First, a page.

Officials in Nipomo kicked off a campaign this week asking residents to voluntarily reduce their water use by 30 percent, but are holding off on drought-related rate increases that they initially planned to have in place this summer.
Now, Nipomo Community Services District officials expect hearings will be held on those rate increases this fall. A separate annual rate increase of 9.8 percent will start in November.
As water use increases during the dry summer months and low groundwater levels remain a constant concern, officials are anxiously asking residents to save water.
“A new appeal for Nipomo,” reads the headline of a news release posted on the district’s website this week. Then, in all caps: “REDUCE YOUR USE.”
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“We have a long dry summer ahead,” district General Manager Michael LeBrun said Thursday. “We can only hope for El Niño next winter, but we must plan … on another dry winter, and be prepared.”
He said the district aims to reduce its groundwater pumping by 30 percent. While officials are asking customers to try to reduce by the same amount, they recognize that many residents already have taken steps to cut water use.
The services district board has yet to approve rate increases that could be put into place during a severe drought to encourage more conservation and reduce groundwater pumping.
The district’s water pumping fell 25 percent in April as compared to April 2013, and was lower than a five-year average from 2009-13, according to a report from the district’s engineer. Pumping in May also was lower than a five-year average, but the amount of water being used is creeping up, mostly due to an increase in outdoor watering.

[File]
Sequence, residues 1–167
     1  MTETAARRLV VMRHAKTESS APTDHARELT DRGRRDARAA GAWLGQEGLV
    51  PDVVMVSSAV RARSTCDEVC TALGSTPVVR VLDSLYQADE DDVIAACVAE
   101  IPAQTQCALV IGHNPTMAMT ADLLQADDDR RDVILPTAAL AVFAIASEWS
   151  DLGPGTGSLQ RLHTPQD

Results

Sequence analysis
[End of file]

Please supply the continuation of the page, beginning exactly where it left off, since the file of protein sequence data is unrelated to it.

Besides the ongoing drought, local officials are particularly concerned because Nipomo has one source of water — an enormous underground aquifer that serves parts of southern San Luis Obispo and northern Santa Barbara counties.
Other users on the Nipomo Mesa include other water purveyors, the Phillips 66 oil refinery, and about 1,000 private wells.
LeBrun said water use has been climbing for decades, exceeding the available supply. The district has been operating under a Stage 2 drought condition since spring 2008, meaning that a potentially severe water shortage exists.
In April, the Nipomo district board approved a water shortage response plan that outlines specific actions the district could take if the groundwater basin falls to extremely low levels or there’s evidence of seawater intrusion. The plan includes possible drought-related rate increases, which the board initially thought would be in place this summer.
The board would have to declare a Stage 3 severe water shortage condition and vote to implement the rates before they would go into effect.
However, board members decided it would be better to couple the drought rate increases with an increase that would pay for the cost of supplemental water that the Nipomo district has agreed to purchase from Santa Maria, LeBrun said.
The cost of that water, which would be delivered through a pipeline, is being shared with the other water purveyors on the Mesa. Nipomo board members chose to wait until those sales agreements are final before they determine how to spread the rest of the cost to district customers.
Rate hearings could be held in September and October.
Nipomo district customers also are in the midst of an annual rollout of rate increases approved in 2011, with water rates scheduled to increase 9.8 percent this November and in November 2015. Whatever action the board takes on additional rate hikes would be on top of the existing increases, officials said.
Any actions imposed by the district board would apply only to the district’s customers, which include about 12,000 people and 40 businesses.
Summer water-saving tips:
Nipomo Community Services District officials suggest using more drought-tolerant plants in your yard, checking for plumbing and irrigation leaks, watering before 9 a.m. and after 8 p.m., and not using water to wash down driveways and cars. For more tips, click here